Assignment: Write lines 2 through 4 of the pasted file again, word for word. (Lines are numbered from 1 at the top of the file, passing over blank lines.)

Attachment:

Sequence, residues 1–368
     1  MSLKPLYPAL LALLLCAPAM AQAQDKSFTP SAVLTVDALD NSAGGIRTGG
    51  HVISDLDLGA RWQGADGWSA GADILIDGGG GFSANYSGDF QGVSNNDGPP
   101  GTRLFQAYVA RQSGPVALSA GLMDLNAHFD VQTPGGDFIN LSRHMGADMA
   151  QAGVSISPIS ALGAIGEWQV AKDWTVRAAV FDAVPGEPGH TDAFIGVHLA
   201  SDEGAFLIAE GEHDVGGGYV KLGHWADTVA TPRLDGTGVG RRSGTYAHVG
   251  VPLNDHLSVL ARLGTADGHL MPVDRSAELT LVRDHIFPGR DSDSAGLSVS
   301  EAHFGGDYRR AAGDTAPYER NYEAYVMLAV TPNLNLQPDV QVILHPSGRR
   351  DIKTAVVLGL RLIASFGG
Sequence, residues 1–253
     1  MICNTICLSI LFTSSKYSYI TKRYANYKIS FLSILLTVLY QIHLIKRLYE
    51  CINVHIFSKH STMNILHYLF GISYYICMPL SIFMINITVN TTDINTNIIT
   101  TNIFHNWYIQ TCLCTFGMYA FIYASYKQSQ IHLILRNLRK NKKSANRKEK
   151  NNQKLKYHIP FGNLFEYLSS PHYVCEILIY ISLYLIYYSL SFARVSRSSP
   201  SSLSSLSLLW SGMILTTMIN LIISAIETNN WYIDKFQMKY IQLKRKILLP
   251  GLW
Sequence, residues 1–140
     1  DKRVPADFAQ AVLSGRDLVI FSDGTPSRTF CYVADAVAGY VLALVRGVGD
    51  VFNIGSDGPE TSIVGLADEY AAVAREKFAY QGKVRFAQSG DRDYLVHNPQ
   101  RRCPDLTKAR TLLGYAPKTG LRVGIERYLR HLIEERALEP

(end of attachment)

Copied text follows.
     1  MSLKPLYPAL LALLLCAPAM AQAQDKSFTP SAVLTVDALD NSAGGIRTGG
    51  HVISDLDLGA RWQGADGWSA GADILIDGGG GFSANYSGDF QGVSNNDGPP
   101  GTRLFQAYVA RQSGPVALSA GLMDLNAHFD VQTPGGDFIN LSRHMGADMA